Bonal R, Muñoz A, Espelta JM (2010) Mismatch between the timing of oviposition and the seasonal optimum. The stochastic phenology of Mediterranean acorn weevils. Ecological Entomology 35: 270-278.
Bonal R, Muñoz A, Espelta JM, Pulido F (2010) Los coleópteros perforadores de los frutos de encinas, robles, castaños y avellanos Biología, Daños y Tratamientos. Hojas Divulgadoras. Volumen: 2136 HD. Ministerio de Medio Ambiente y Medio Rural y Marino. 35 pp.
Tarrasón D., Urrutia J.T., Ravera F., Herrera E., Andrés P., Espelta J.M. (2010) Conservation status of tropical dry forest remnants in Nicaragua: Do ecological indicators and social perception tally?. Biodiversity and Conservation. 19: 813-827.LinkDoi: 10.1007/s10531-009-9736-x
Intensive deforestation is reducing dry tropical forest areas worldwide and increasing its fragmentation. Forest remnants can be the basis for the future recovery of this forest type if appropriate management practices are applied. This requires a better knowledge of their conservation status and the assessment of their perceived value by land users. In this study we compare the structure, species richness and diversity of different types of tropical dry forest remnants in Nicaragua and we assess their conservation status based on a new index: Social simplified Importance Value Index (SsIVI). This index summarizes both ecological indicators and the perception by local stakeholders of the conservation status of the tree species present. Results show that gallery and hillslope forest remnants have higher species richness and diversity than isolated vestigial patches. In all remnants, species richness and diversity is higher in the tree layer than in the regeneration layer. No differences are observed in valorisation among different types of remnants either for the tree layer or for the regeneration layer. In the hillslope forests, where several degrees of disturbance are present, the valorisation decreases with increasing degradation. Results of species composition and forest structure indicate a strong degradation of dry tropical forest remnants in Nicaragua. However, the similar social valorisation of the three types of remnants suggests that they face similar threats but also similar opportunities to be preserved. A decrease in valorisation with increasing degradation warns about the potential loss of the most degraded areas, unless forest restoration is applied. © Springer Science+Business Media B.V. 2009.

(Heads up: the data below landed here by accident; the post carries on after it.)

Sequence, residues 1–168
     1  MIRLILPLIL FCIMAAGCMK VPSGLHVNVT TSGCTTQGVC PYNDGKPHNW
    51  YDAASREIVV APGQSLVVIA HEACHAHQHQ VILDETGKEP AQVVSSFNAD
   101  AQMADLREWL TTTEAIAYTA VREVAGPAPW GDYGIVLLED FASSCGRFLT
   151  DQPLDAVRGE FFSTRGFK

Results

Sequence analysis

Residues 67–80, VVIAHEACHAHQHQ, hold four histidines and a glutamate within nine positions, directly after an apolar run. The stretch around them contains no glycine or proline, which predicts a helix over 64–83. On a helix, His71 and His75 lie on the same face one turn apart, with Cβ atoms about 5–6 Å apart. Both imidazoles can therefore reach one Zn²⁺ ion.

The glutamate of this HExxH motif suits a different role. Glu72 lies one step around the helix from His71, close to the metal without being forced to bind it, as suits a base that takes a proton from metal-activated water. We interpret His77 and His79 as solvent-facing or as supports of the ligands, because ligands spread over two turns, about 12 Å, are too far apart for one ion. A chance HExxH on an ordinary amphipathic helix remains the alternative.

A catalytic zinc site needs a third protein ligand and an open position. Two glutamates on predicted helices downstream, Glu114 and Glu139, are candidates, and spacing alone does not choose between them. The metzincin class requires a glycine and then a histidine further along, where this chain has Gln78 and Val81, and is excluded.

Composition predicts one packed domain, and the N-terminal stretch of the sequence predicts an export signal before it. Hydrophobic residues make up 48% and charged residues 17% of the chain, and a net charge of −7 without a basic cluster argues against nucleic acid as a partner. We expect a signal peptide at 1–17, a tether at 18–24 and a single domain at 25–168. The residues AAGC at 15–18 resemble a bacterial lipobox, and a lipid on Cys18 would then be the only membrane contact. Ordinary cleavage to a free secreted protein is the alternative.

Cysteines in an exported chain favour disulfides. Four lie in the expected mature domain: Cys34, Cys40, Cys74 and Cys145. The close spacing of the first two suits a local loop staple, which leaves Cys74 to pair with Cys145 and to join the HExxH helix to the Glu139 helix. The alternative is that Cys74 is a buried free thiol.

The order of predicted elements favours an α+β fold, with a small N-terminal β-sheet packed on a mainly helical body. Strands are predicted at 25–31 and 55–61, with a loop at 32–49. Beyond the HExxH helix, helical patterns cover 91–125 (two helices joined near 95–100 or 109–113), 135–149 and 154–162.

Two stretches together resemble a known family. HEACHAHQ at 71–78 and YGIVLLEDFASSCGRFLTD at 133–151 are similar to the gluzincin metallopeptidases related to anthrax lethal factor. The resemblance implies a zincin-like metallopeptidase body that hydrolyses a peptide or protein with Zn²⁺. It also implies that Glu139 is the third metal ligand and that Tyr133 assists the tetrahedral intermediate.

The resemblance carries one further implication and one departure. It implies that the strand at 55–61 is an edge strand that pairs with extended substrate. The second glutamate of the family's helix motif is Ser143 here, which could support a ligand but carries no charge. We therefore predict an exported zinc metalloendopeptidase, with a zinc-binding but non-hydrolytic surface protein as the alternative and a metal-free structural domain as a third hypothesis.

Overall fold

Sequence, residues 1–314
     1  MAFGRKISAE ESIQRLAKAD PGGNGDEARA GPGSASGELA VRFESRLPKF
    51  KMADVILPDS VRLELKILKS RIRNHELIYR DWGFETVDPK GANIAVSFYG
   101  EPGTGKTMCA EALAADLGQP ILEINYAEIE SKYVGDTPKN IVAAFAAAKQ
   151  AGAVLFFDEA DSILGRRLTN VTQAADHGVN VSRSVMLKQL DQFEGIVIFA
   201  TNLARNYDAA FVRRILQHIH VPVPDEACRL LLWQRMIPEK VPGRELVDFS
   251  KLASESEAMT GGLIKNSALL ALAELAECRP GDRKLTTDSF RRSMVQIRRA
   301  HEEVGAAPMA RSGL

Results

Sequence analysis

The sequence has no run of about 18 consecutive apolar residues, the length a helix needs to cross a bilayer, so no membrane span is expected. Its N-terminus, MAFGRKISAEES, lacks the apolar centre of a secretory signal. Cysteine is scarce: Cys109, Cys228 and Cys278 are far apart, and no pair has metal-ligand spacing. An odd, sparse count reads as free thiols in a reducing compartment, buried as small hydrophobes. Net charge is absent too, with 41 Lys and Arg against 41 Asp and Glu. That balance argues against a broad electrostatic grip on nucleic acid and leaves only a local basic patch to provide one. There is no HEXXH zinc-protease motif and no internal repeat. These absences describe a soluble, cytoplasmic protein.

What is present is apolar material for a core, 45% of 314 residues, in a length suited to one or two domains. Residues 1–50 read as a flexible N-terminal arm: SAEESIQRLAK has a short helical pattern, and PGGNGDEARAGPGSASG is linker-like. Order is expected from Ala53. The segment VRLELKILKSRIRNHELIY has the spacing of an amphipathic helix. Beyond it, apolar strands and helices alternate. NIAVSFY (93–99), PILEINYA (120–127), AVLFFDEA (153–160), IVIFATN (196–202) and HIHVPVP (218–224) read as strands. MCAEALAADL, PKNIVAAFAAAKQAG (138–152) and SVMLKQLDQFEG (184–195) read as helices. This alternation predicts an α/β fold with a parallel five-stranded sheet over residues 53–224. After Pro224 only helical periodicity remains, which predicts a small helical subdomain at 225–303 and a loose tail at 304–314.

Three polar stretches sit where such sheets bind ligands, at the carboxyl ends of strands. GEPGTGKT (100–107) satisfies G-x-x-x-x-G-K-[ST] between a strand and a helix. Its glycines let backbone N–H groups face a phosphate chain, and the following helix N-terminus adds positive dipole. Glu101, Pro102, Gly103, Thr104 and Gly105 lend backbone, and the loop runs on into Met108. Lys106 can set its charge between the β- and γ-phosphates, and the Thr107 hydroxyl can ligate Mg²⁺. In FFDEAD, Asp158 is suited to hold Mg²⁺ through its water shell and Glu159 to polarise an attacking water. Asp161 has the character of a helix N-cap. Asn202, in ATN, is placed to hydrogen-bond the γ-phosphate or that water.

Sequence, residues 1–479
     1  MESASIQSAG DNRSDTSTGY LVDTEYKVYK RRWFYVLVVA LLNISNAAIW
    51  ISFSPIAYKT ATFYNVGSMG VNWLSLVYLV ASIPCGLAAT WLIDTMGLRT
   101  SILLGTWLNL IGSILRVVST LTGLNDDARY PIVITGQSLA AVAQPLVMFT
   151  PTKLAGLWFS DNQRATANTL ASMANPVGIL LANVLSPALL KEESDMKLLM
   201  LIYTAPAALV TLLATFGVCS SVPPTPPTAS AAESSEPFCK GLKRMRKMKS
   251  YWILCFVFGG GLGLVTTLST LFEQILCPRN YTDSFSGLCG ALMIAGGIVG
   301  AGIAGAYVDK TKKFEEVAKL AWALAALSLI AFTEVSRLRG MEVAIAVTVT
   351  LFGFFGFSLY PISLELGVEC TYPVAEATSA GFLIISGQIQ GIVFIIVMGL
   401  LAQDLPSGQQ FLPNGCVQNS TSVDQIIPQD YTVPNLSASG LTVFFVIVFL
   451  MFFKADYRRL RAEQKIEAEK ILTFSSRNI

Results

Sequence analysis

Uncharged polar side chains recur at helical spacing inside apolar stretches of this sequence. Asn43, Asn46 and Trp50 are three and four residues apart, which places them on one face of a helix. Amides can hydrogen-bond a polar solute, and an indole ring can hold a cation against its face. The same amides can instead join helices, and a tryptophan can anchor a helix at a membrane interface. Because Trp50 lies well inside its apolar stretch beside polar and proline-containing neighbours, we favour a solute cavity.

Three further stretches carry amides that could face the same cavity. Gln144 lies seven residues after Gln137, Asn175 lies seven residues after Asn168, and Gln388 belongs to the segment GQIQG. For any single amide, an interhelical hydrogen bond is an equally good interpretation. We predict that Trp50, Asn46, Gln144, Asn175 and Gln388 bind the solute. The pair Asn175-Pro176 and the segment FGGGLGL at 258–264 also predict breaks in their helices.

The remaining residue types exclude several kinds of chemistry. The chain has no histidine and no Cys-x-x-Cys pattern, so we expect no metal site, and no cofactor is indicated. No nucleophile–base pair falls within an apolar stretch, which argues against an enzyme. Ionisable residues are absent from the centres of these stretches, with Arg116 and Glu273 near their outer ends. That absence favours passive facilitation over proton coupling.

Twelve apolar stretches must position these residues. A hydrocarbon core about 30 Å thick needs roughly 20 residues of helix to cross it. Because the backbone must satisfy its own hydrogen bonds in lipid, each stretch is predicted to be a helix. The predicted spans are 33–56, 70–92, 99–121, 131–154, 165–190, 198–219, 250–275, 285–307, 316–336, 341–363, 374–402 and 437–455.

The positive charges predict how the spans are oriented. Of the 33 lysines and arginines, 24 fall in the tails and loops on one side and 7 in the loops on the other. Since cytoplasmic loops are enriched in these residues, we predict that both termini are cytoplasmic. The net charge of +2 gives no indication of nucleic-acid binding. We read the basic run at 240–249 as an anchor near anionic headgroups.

Cotillas M., Sabaté S., Gracia C., Espelta J.M. (2009) Growth response of mixed mediterranean oak coppices to rainfall reduction. Could selective thinning have any influence on it?. Forest Ecology and Management. 258: 1677-1683.LinkDoi: 10.1016/j.foreco.2009.07.033